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EC number: 231-633-2
CAS number: 7664-38-2
No studies are available. A limited toxicokinetic assessment based on available physico/chemical properties of phosphoric acid indicates oral and dermal absorption factors of 50 to 100% and an inhalation absorption factor of 100%. Phosphoric acid is furthermore not considered to have bioaccumulative potential. This qualitative judgement on the toxicokinetic behaviour based on physico-chemical characteristics follows the recommendations of ECHA (ECHA Endpoint specific guidance, Chapter R.7c; section R.184.108.40.206). Two supporting metabolism studies are available (Bonting, 1952 and 1956).
The dissociation constants for phosphoric acid have been determined to
be pKa1 = 2.1, pKa2 = 7.2 and pKa3 = 12.3. As such, the predominant
forms in biological systems will be H2PO4(-) and HPO4(2-).
These anions are present and can be absorbed in the human intestine;
which has a pH in the range of 5 to 8 depending upon location. The
absorption of ionised acids is favoured at pHs below the PKa and as such
phosphoric acid is mainly absorbed in the jejunum (pH6-7) by passive
diffusion or active transport facilitated by vitamin D (EFSA, 2005).
The main mechanism for absorption of small water soluble molecules in
the GI tract is passage through aqueous pores or carriage of such
molecules across membranes with the bulk passage of water. Oral
absorption might thus be as high as 100% if the inorganic phosphate
intake is low, but will decrease with higher loads. Dietary compounds
are also expected to influence the rate and extend of phosphate
absorption via the GI tract. The principle dietary factor influencing
phosphate uptake from the lumen of the GI tract is intestinal calcium
concentration, which can reduce phosphate bioavailability by forming
insoluble complexe (Heaney, 2012) . For the purposes of REACH, an oral
absorption of 100% is therefore proposed.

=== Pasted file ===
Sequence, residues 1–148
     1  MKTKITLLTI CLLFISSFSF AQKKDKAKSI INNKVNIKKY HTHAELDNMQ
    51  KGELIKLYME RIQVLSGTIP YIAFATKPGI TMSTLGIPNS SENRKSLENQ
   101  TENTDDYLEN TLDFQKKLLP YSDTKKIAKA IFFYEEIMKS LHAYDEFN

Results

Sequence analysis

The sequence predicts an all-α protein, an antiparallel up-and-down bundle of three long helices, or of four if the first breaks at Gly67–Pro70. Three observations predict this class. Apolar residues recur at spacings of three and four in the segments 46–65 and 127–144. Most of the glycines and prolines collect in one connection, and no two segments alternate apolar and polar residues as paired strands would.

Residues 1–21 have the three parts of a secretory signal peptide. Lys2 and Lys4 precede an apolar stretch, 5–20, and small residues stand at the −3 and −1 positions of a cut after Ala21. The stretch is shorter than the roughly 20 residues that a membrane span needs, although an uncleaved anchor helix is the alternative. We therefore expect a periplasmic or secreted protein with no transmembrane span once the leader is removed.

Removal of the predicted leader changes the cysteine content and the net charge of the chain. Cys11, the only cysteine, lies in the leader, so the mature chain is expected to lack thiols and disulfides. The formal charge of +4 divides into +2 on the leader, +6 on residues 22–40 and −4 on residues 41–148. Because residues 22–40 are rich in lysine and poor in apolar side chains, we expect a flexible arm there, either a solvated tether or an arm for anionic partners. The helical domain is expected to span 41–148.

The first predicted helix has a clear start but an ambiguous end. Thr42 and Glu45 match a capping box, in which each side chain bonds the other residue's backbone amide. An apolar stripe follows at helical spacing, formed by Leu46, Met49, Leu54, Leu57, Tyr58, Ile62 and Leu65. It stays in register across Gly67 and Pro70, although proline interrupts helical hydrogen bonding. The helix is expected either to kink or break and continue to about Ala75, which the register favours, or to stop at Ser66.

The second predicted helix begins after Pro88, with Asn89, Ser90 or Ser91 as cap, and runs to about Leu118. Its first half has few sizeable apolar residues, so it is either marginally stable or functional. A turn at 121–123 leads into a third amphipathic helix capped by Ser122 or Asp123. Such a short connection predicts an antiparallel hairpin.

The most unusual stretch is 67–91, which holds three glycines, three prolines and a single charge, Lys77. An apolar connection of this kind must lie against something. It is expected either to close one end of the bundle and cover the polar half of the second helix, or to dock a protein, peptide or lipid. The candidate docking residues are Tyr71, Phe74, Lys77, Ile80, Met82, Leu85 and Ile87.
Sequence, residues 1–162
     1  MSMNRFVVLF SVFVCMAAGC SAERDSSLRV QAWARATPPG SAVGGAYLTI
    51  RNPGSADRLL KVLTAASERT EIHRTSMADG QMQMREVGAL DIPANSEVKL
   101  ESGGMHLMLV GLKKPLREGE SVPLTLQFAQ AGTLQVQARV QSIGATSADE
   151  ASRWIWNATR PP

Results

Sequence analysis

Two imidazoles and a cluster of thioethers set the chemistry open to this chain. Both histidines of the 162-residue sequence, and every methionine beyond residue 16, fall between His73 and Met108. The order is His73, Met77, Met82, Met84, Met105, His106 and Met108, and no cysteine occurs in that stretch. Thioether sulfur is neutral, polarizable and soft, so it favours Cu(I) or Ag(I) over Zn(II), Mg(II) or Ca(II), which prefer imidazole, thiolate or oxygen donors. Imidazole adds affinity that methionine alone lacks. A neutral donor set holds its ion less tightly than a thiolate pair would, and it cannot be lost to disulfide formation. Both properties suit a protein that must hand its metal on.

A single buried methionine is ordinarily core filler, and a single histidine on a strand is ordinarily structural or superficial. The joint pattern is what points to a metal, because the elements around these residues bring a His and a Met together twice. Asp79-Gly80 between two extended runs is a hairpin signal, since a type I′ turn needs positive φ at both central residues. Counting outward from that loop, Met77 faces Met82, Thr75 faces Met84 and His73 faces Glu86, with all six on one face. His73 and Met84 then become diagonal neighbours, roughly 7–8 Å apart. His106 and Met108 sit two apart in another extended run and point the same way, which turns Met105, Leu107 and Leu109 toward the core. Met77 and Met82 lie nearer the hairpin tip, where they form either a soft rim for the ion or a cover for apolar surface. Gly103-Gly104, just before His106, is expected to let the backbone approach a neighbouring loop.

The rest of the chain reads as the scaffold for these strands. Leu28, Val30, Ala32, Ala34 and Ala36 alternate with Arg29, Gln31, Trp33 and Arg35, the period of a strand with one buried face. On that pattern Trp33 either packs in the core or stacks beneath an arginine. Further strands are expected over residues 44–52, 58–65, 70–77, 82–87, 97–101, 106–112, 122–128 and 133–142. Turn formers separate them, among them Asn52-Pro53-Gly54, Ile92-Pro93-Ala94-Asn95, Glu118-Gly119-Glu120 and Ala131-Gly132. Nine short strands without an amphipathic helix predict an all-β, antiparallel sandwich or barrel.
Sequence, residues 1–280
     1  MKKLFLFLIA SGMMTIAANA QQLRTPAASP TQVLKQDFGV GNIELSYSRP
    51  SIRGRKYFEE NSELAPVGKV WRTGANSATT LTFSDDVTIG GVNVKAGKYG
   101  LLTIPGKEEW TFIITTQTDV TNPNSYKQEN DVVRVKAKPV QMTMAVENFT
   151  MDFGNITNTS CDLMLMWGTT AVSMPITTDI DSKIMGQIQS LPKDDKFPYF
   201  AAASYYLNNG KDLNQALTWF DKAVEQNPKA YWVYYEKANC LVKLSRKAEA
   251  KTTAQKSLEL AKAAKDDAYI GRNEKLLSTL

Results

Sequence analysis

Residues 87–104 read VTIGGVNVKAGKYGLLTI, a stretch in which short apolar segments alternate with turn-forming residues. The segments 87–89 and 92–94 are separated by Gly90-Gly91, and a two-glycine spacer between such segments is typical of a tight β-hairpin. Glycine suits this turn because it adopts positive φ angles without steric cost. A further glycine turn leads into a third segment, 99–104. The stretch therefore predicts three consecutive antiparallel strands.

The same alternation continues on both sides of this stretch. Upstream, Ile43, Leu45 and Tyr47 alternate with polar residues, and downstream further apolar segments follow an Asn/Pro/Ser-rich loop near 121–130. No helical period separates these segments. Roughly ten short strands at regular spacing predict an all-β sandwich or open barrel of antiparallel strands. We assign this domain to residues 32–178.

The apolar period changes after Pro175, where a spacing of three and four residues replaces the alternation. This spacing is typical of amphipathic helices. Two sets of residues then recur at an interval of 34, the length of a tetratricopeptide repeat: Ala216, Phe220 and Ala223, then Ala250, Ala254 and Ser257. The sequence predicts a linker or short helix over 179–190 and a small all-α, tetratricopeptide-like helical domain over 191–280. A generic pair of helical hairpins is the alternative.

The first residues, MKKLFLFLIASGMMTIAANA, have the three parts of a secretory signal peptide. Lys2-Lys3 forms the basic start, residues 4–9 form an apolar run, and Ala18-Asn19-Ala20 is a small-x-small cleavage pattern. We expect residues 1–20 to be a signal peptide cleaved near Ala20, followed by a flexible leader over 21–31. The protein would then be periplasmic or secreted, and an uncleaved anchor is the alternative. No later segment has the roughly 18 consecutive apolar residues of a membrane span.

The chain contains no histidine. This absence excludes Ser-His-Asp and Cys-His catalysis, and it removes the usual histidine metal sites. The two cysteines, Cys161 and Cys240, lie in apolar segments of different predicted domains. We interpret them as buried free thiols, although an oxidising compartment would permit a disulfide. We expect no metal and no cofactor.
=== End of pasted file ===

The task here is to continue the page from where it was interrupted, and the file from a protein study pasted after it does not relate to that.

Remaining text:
Although phosphoric acid is a solid at room temperature, the substance
is hygroscopic and no airborne particles are to be expected. Although in
general, hydrophilic substances are effectively removed from the air in
the upper respiratory tract, the relevance of this mechanism for
phosphoric acid is difficult to predict as the octanol/water partition
coefficient is not defined for inorganic substances. Hydrophilic
substances also have the tendency to be retained in the aqueous fluids
(mucus) lining of the respiratory tract, limiting the systemic uptake.
Although based on available physico/chemical data the systemic uptake of
phosphoric acid might be limited, a worst-case absorption factor of 100%
is proposed for inhalation.
Absorption via the dermal route is expected to be significant as the
substance has a low molecular weight and is very water soluble. It may
however be too hydrophilic to cross the lipid rich environment of the
stratum corneum, but due to the absence of the octanol/water partition
coefficient, this is difficult to predict. As phosphoric acid is
corrosive to skin, any skin damage might enhance penetration of the
substance. It is generally accepted that the dermal absorption will not
be higher compared to the oral absorption. As a default value of 100%
skin absorption should be used for substances with molecular mass below
500, the dermal absorption factor is set at 100% as for the oral
Wide distribution throughout the body is to be expected as small
water-soluble molecules and ions will diffuse through aqueous channels
and pores. Depending on the structure in which the phosphate is covered,
the uptake by cells might either be via active or passive transport.
Serum phosphate levels are tightly regulated via homeostatic mechanisms
involving the vitamin D endocrine system and parathyroid hormone (PTH).
Accumulation of test material in body fat is not favourable.
The very high water solubility of the test material does suggest it is
unlikely to be any metabolism.
Excretion will be via urine as characteristics favourable for urinary
excretion are low molecular weight (below 300 in the rat), good water
solubility, and ionisation of the molecule at the pH of urine.
Phosphoric acid as inorganic phosphate is an essential constituent of
the human organism, not only in the bones and teeth, but also in many
enzyme systems. Phosphorus plays an important role in carbohydrate, fat
and protein metabolism.
Information on Registered Substances comes from registration dossiers which have been assigned a registration number. The assignment of a registration number does however not guarantee that the information in the dossier is correct or that the dossier is compliant with Regulation (EC) No 1907/2006 (the REACH Regulation). This information has not been reviewed or verified by the Agency or any other authority. The content is subject to change without prior notice.Reproduction or further distribution of this information may be subject to copyright protection. Use of the information without obtaining the permission from the owner(s) of the respective information might violate the rights of the owner.
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